After his third pint, before his steak and kidney pud, Des would tell me again how he had once smashed in a blacksmith’s face. It had been an accident long ago; he’d been a young apprentice at the colliery smiths and the poor master had been over his shoulder when the hammer slipped from his grasp. It was a hard face, suffering only a minor fracture and a lot of bleeding, but the smashing of it had got Des the sack and caused a right upset back home. He’d say that from this end of life, he blessed all that fuss, if things hadn’t gone that way, he’d never have got into gamekeeping, the source of his prosperity. His life had not been one of homely happiness, due to his bad temper he had tended to hurt those around him, but he was not one to despair over the past, over his broken marriage and estranged children. All he indulged in were his moments of pride: he had kept deer for the Prince of Wales, he had bred falcons for Sheikhs, he had trained generations of prize-winning setters, spaniels, and pointers. He pointed down to the dog at his feet, a slender belton blue English setter. That there is Arrow, he’d say, the last of a great bloodline of hunters, she is 30 years old no word of a lie. Then he would hold a blank face for a few seconds, playing it deadpan, until came that sly smile.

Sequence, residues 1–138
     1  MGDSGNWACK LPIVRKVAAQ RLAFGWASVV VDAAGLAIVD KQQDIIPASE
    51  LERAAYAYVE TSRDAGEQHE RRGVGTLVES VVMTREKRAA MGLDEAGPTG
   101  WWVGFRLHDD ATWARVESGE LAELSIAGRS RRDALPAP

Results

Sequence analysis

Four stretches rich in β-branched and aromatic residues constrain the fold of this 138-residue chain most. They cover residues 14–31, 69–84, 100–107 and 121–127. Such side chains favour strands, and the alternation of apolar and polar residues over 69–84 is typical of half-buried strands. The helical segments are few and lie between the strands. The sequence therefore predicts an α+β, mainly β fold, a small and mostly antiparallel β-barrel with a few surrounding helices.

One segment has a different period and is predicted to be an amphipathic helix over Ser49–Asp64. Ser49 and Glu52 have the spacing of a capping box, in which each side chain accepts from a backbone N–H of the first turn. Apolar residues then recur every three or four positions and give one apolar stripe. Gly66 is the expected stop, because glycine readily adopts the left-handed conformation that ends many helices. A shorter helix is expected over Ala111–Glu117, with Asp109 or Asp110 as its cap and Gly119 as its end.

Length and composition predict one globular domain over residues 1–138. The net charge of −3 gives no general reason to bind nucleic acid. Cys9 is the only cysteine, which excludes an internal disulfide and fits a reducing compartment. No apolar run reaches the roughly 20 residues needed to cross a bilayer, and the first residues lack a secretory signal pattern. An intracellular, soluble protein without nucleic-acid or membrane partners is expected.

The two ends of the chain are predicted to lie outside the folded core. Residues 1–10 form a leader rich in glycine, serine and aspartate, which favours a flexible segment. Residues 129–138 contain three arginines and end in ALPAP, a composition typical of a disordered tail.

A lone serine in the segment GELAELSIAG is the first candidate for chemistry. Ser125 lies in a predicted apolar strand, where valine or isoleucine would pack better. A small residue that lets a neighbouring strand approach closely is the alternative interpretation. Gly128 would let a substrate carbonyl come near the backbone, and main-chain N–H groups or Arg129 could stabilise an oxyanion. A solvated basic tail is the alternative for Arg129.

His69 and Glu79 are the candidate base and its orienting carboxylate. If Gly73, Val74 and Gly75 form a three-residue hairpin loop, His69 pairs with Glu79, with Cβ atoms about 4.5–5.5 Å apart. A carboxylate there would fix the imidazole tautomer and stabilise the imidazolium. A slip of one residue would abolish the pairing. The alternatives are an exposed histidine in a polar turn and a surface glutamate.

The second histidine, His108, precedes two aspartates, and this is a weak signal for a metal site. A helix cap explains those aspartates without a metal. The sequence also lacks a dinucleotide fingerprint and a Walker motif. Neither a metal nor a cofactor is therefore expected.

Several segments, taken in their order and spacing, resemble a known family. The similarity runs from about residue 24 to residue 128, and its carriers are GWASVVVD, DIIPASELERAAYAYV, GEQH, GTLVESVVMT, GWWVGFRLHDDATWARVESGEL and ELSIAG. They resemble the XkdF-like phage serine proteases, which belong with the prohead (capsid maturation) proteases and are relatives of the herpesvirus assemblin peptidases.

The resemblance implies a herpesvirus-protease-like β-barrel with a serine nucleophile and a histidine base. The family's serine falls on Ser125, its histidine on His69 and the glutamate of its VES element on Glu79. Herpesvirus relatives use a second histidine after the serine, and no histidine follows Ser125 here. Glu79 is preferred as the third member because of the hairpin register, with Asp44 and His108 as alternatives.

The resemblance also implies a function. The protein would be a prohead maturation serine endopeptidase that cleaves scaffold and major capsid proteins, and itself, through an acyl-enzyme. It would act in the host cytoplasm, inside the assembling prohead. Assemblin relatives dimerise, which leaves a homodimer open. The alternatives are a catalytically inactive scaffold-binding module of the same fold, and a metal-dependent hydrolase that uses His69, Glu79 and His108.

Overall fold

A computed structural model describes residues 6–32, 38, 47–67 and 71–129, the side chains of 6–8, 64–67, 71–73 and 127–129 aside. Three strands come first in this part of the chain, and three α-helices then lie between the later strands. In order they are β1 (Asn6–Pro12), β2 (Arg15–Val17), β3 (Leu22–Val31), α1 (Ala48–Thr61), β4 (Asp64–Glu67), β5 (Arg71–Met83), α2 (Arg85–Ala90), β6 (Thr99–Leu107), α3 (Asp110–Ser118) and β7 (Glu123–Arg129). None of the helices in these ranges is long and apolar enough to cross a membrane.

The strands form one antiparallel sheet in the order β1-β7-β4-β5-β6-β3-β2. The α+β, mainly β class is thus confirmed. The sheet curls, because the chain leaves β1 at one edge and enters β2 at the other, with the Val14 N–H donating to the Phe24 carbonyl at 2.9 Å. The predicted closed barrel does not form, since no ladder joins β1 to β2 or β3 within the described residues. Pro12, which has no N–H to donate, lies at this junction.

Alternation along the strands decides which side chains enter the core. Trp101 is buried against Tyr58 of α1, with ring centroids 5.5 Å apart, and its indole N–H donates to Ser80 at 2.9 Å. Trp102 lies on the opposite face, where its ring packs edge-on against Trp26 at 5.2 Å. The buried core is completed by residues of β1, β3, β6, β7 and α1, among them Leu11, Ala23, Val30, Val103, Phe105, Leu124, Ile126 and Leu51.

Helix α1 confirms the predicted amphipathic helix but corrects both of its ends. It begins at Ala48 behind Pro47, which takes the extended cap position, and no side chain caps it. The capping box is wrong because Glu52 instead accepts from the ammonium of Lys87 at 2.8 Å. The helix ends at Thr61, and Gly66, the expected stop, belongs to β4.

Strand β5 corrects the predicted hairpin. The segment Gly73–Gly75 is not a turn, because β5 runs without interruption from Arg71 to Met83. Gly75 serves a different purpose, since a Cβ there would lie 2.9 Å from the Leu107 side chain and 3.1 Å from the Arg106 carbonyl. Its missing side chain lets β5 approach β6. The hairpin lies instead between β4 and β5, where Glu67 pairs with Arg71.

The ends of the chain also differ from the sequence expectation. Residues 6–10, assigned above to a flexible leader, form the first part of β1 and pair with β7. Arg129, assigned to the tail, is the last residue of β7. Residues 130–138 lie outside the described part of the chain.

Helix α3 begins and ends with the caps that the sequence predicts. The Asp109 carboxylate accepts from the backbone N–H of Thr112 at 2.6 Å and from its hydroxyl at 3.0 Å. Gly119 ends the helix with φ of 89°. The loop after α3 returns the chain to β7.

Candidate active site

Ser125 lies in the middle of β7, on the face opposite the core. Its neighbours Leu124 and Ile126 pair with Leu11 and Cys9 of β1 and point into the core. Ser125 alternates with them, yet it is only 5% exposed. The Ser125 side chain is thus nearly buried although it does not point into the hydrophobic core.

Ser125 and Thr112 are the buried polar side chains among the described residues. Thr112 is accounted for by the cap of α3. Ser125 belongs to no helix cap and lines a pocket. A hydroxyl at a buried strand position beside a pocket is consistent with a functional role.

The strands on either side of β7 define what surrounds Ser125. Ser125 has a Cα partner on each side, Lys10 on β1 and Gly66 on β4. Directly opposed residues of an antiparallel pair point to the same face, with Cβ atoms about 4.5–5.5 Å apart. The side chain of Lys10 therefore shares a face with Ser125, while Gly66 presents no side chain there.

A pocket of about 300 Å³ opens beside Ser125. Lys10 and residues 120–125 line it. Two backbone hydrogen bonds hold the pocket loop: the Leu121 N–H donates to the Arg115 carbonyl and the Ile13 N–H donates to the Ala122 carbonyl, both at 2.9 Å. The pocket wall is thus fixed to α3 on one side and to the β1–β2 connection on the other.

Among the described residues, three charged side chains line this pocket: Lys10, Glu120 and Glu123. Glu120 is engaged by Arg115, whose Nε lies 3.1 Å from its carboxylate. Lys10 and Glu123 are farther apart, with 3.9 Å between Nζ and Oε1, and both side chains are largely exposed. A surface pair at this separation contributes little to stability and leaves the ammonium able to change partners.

To the men at the bar he would act the old gent, but to women he was sharp, the waitresses were careful around him, and the old girl who cleaned his cottage lived in fear. But she who took the brunt of his lingering wrath was that old setter, Arrow. God only knows what he did to her behind closed doors; she wore a veil of melancholy, unnatural on a dog, clearly an animal beyond broken. One time he got cable TV and couldn’t get the bugger to work, so asked me if I could pop round after my shift to fix it. I fiddled with the remote for a minute and got it going, then accepted the offer of scotch. Through the smoke of a cigarillo, Des began one of his polished yarns about his time in the Royal Marines and led me through to the kitchen. In the corner, the sight haunts me to this day, was that poor animal in that cramped cage, shivering and cowed, snout between paws. Upon the second round of whisky, Des’ monologue changed from his military service to his firearm collection. In a daze I was hustled into a dark room, where the fluorescent tubes flicked on to reveal rows and rows of rifles. He went through the different models, taking down one to show me the fine machining, letting me feel the weight of another. Slowly irritation crept over me from a mechanical sound above us. It was the ticking of clocks, what must have been dozens of clocks, echoing through the ceiling, faint but persistent. I’d always despised clocks, so to notice a whole house creaking with them was quite unnerving. I drank my drink, untangled myself from his company and headed home.